The Mike Comrie Debate: To Trade or Not to Trade

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The Mike Comrie Debate: To Trade or Not to Trade

If consistency were not a word in the English language, Mike Comrie would be considered a great player.

 

Consistency is something that Comrie fails to achieve, as he can have stretches of all-star quality play, and then revert down to a sub-par third-liner for a stretch of games.

 

Now that the Islanders, specifically GM Garth Snow, have decided to stick with the very well-known plan (rebuilding through drafts, the passing of the Lighthouse Plan, and the sprinkling in of proper free agents), the question arises of whether Mike Comrie will still be around next year.

 

At just 28 years old, Comrie is still very young and just about entering his prime as a player. The injuries that plagued him from the end of last season to the beginning of this season may have had some side effects on his play from the start. However, he seems to be coming out of that funk, performing decently as of late and increasing his trade value to any playoff teams.

 

When he recorded a team-high 49 points in the 2007-2008 season for the Islanders, Snow chose to resign him for one more season at $4 million. I personally feel he was overpaid, however, he fit into our salary without any problems.

 

This season, Comrie only has 13 points in a total of 25 games played—not a stellar season, but as I said, it took him a while to find his form after being out of the game for nearly five months.

 

With the trade deadline nearing, and with Comrie’s stock increasing as he continues to flourish on a line with youngsters Kyle Okposo and Blake Comeau, Snow is faced with a big decision: to trade or not to trade Comrie.

 

My opinion, you ask? Trade him! We already have two promising centers locked up for next year in Joshua Bailey and Frans Nielsen. While Bailey is expected to be a decent first-line center, but a great second-line center, and Nielsen is expected to be a decent second-line center but a great third-line center, the question still arises who will play first-line center for the future?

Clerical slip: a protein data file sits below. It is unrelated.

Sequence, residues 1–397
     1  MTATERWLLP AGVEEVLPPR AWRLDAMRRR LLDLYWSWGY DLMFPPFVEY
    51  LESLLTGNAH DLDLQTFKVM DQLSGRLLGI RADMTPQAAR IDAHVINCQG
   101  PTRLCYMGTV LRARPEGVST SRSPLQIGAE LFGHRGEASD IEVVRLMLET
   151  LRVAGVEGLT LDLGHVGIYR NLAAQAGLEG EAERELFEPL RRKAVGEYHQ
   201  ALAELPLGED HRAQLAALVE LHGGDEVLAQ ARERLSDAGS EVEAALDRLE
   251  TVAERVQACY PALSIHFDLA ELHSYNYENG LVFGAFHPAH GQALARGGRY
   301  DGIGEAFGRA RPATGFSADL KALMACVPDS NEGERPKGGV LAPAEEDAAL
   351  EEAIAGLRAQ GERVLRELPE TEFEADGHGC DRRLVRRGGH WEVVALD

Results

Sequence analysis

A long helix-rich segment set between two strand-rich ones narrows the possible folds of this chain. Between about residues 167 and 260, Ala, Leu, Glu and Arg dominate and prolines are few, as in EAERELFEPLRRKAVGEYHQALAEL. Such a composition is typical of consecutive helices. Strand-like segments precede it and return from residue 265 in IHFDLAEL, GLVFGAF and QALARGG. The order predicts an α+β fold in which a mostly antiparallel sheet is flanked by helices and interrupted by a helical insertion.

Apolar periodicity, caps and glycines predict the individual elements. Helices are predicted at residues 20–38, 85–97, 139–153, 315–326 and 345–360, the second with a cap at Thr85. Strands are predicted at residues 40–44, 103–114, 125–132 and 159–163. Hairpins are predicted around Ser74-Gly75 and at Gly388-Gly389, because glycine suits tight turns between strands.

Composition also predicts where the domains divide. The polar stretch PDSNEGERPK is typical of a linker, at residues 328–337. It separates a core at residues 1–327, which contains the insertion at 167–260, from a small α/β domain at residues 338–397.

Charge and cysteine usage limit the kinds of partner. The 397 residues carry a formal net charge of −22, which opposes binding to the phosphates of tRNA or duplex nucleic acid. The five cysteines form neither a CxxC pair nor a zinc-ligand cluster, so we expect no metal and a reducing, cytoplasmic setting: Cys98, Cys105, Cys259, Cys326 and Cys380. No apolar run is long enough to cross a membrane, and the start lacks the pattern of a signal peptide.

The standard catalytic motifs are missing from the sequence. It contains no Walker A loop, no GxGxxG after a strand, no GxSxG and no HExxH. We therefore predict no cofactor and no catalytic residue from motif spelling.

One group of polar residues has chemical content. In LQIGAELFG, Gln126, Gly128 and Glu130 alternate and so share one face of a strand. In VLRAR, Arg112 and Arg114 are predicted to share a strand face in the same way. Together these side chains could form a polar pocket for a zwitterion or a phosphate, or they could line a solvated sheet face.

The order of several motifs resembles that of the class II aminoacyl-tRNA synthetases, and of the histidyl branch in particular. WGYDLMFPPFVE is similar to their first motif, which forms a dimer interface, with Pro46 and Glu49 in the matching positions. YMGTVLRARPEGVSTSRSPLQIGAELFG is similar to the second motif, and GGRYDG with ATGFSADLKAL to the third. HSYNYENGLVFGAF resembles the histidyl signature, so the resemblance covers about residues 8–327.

Comrie is not the answer in this situation. He reaches his development ceiling as a good second-line center, but not a great one. Although only 28 years old, Comrie gets pushed out of the second-line center role by youngsters such as the aforementioned Bailey and Nielsen.

 

One answer as to who could fill that first-line center void for the future and someone who could come as a gift-wrapped present for the Islanders this June would be John Tavares. The one problem with this is that you cannot build a team in hopes that you land the first overall pick, or that the first overall pick will truly be a savior.

 

This leads me back to the Doug Weight debate! This is yet another reason why the Islanders should hold onto Doug Weight, as I mentioned in my previously written article.

 

Although they are rebuilding with youth, Weight (38 years old) far outweighs Comrie as the better option for the Islanders next year as a first-line center if they fail to land either Tavares or Duchene.

 

Weight is respected league-wide as a classy player and one that has accomplished much in his time in the league. With his tremendous wealth of knowledge and experience, Weight would be a great mentor yet again for the likes of Bailey, Nielsen, and possibly either Tavares or Duchene.

 

The other question that arises in this debate is what kind of return the Islanders could see for a player like Comrie. This question depends on a few factors. First, and foremost, is the team that the Islanders are negotiating with.

 

If the Isles are talking to Detroit (obviously, Detroit does not need Comrie, just using them as an example), they will get very little as Detroit is stocked with talent and just needs a small extra piece. However, if the Isles are talking to fringe playoff teams such as Los Angeles and Columbus, they might receive a little bit more.

 

A second factor is how well Comrie is playing at the time. Currently, he is playing very well with Okposo and Comeau, and this is a great thing for Garth Snow as Comrie’s value has skyrocketed in comparison to what it was on Dec. 1, 2008.

 

The worst thing that could happen for the Islanders and Comrie’s trade value would be an injury or a complete drop-off in production.

 

When you take these two factors into account, the Islanders are looking at a trade window that could bring them anywhere from a straight-up first rounder from a very desperate team, to the least return of possibly a third-round pick and a mid-level prospect.

 

The next month and a half will be very interesting, especially considering the large number of injuries league-wide. For us Islander fans, we can only hope that Comrie begins to catch fire, and that fire lasts all the way up until March 4, 2009.

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